The rest of the film focuses on Larry Gopnik, played by Michael Stuhlbarg, an actor who has been in many movies that you've seen, but never in any role that you'd remember. This is a period piece, and judging from the technologies that the characters use (and the fact that one character is obsessed with F-Troop) it must be the mid to late 1960s. This tidbit of information isn't really crucial to the plot, but then again, neither is anything else in this film. Larry is a professor of physics and a family man who... look, it's not really that important. All you need to know is that the movie is very Jewish (not like in the Woody Allen sense, but more like it is steeped in American Jewish culture and norms), bad things happen to Larry, every single one of which is exacerbated by the fact that he won't stand up for himself when the film's cast of detestable, selfish, self-centered individuals take advantage of him. Things start to go bad for Larry the moment his wife (played by Sarri Lennick in a makeup job so unsettling that she looks like every stereotype of a "Jewess" and succubus mashed together into one beautiful and terrifying hell-spawn) demands a divorce because she's into another man, widower Sy Ableman who is many years her senior. Have I mentioned that not one of these characters is likable? Not one? It's meant to be seen as a dark comedy (kind of like Fargo) I think, but the characters aren't particularly memorable, most of the "jokes" are just mean-spirited jabs at Larry's cuckold status, and the entire plot just slogs along at a snail's pace, so much so that Brian actually stepped out for a lengthy phone call and still didn't miss anything important (although he did miss the film's funniest moment BY FAR, when "the second rabbi" tells Larry a rambling story about a dentist's search for God. You really have to watch the film for context. But don't though, it's not that funny).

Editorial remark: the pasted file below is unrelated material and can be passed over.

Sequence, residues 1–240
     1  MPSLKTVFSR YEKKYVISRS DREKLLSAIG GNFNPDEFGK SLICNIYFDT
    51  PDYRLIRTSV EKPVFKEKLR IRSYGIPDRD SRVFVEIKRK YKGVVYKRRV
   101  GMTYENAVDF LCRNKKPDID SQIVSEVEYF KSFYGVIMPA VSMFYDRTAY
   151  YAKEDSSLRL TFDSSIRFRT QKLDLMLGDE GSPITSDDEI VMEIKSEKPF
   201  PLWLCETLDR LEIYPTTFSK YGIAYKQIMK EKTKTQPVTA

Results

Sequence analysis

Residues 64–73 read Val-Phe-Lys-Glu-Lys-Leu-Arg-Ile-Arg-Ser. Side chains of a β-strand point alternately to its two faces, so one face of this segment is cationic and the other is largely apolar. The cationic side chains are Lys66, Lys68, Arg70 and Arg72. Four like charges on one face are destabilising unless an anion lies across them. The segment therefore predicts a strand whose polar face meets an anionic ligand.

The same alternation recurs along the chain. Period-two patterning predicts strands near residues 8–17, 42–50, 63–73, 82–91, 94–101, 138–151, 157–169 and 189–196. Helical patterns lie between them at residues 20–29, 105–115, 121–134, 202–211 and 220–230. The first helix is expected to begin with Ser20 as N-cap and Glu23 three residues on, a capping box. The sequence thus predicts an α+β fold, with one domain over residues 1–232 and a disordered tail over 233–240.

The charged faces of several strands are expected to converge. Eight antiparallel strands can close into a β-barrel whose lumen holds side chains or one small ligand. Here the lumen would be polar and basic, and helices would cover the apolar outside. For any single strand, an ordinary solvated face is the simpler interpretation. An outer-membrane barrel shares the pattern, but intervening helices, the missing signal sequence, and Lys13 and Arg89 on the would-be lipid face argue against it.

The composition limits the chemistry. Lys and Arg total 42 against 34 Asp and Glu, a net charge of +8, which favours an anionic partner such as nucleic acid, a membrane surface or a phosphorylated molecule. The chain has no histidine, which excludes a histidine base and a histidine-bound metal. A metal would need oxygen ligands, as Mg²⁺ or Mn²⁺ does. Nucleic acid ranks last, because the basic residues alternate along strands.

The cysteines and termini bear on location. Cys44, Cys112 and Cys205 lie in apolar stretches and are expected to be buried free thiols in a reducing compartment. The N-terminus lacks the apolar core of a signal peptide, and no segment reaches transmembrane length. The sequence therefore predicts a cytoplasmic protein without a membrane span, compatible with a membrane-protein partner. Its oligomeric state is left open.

A seriously bad movie